National / International News
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United States Trade Representative Michael Froman announced a "breakthrough" in negotiations with China over high tech products Monday night. The agreement could herald the first major tariff-cutting agreement at the World Trade Organization in 17 years, covering an estimated $1 trillion of products ranging from MRI machines to video game consoles.
The negotiations concerned an update to the Information Technology Agreement, or ITA, signed in the late 1990s, under which countries agreed to cut tariffs to zero for a list of high-tech products.
"For high tech products, every country wished to be a leader in that," says Wing Thye Woo, professor of economics at UC Davis and president of the Jeffrey Cheah Institute on Southeast Asia. "So when high tech products started appearing quickly, some countries started putting tariffs on them.
Woo says the ITA didn't follow the model of other free trade agreements: cut tariffs for the entire sector, with certain products singled out as exceptions.
"You do not say mackerel is not free trade but salmon is free trade," says Woo. "All fish is free trade, unless we specify certain fish."
"This one is the other way around: The following are free trade items, and what is not mentioned is not free trade," he says.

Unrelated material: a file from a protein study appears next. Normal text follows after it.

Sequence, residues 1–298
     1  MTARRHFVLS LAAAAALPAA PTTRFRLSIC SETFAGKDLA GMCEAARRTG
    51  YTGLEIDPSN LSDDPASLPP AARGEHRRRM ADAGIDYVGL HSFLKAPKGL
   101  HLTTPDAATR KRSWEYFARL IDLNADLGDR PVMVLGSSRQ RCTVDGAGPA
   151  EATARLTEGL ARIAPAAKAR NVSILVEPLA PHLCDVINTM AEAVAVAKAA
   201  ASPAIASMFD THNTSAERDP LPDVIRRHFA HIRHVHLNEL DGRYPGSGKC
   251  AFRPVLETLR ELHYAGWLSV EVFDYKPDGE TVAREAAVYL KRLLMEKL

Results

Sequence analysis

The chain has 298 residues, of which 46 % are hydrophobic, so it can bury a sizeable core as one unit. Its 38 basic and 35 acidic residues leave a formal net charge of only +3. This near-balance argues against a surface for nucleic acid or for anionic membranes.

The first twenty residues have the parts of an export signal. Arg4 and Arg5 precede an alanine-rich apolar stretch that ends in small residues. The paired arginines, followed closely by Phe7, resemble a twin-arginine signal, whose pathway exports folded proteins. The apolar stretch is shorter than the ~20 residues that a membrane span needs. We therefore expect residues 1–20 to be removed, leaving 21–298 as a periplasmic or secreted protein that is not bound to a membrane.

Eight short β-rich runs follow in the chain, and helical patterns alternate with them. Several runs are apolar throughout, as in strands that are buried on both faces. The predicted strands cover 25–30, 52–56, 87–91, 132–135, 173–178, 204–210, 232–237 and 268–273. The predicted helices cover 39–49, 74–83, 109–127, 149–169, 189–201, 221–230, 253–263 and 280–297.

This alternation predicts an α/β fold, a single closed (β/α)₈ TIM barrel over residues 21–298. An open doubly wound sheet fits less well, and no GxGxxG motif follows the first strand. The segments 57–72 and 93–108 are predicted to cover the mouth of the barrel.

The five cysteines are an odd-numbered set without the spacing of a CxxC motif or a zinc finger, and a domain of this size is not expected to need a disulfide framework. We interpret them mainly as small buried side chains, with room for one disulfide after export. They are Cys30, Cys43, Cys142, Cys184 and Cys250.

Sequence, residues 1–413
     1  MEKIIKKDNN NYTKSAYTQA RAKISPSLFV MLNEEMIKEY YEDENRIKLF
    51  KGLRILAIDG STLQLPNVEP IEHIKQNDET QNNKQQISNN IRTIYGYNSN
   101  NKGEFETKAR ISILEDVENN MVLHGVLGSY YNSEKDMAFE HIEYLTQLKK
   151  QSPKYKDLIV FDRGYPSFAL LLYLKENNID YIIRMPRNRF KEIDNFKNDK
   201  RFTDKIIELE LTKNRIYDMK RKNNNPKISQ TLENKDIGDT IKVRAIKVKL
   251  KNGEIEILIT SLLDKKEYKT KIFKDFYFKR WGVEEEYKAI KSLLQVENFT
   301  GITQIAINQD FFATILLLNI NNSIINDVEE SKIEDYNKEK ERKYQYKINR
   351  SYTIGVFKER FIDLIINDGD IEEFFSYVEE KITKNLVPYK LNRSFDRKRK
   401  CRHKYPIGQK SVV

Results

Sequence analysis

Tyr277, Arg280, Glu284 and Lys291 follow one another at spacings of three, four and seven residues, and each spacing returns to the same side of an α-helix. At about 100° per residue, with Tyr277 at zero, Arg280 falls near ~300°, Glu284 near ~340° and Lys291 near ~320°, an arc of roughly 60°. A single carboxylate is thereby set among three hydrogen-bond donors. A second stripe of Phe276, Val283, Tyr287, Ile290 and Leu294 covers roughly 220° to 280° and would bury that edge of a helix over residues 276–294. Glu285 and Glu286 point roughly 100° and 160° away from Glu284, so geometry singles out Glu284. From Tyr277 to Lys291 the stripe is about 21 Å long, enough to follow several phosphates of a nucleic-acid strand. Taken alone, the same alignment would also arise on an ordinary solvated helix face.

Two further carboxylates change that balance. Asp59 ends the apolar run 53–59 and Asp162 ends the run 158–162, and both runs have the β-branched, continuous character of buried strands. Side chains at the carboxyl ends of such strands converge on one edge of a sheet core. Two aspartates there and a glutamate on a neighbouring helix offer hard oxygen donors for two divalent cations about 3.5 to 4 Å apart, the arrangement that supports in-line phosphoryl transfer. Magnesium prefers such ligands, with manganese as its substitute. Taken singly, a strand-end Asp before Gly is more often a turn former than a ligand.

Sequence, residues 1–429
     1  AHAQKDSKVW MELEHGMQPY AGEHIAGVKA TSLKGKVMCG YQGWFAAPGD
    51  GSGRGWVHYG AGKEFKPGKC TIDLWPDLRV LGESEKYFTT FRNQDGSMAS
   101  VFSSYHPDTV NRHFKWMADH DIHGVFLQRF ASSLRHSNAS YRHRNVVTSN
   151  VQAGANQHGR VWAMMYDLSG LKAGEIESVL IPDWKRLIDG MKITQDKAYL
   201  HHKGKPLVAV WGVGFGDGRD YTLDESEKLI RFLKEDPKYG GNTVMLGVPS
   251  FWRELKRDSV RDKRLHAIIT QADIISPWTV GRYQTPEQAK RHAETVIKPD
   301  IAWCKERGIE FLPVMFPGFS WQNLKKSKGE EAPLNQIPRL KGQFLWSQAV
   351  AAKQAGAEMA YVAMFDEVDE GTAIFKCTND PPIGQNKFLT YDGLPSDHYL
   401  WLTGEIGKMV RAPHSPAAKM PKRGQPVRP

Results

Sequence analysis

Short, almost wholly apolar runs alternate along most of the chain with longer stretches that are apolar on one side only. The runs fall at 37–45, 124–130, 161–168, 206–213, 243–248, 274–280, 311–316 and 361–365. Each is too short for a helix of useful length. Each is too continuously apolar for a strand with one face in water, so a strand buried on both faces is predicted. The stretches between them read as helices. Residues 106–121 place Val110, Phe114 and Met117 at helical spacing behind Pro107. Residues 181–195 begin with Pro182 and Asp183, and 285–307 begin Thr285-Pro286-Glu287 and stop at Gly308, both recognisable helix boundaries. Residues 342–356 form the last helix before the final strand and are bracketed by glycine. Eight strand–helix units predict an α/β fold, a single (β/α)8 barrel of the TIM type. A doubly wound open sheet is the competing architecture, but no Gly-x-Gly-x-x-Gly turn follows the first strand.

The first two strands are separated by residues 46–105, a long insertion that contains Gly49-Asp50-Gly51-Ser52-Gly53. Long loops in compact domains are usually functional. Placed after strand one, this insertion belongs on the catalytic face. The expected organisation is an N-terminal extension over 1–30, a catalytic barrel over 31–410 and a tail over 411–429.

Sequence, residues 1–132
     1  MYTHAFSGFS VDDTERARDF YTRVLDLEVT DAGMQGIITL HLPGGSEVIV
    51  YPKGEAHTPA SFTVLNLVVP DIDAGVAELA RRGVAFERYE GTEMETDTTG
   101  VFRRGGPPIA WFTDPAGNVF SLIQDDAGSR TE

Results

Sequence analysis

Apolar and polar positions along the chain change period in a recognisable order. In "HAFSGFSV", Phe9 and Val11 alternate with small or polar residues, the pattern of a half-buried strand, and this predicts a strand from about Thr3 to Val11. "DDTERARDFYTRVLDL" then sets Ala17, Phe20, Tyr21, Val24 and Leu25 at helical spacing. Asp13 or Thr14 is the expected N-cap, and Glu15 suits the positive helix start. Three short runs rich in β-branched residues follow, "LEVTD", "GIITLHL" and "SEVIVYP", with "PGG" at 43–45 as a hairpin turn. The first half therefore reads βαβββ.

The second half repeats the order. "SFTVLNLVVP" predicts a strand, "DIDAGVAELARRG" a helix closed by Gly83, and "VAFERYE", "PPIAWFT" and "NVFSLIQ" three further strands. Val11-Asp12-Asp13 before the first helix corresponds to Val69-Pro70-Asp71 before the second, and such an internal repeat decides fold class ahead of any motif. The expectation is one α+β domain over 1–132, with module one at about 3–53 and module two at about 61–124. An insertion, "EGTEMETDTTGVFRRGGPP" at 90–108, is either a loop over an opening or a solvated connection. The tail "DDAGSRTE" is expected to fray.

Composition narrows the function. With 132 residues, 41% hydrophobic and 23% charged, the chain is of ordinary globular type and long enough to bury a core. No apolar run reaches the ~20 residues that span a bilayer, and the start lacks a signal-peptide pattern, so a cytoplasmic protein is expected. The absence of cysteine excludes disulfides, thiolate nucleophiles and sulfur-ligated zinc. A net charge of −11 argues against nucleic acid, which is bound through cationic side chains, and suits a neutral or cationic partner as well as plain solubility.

Signatories of the ITA agreed to cut tariffs only for products that fit into certain categories such as computers and data-storage media.
China signed on to this agreement when it joined the WTO in 2001. "It had to," says Woo. "But then the number of high-tech products kind of exploded."
Efforts to increase the list stalled.
"China was the main opposition on this issue of broadening the Information Technology agreement," says Gary Hufbauer, senior fellow at the Peterson Institute for International Economics. China had, for instance, maintained tariffs of up to 25 percent to protect its burgeoning semiconductor industry.
The agreement with the United States could un-stick negotiations with the other 54 economies involved in the ITA negotiations. "The presumption is those other countries will agree because they have been negotiating pretty much alongside the United States," say Hufbauer.
"And I think it foreshadows more agreements on other issues between the US and China," he says. "It’s really a new day."
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The existing tariff system, which adds as much as 25 percent to the cost of American high-tech exports, covers more than $4 trillion in annual trade, the White House says.
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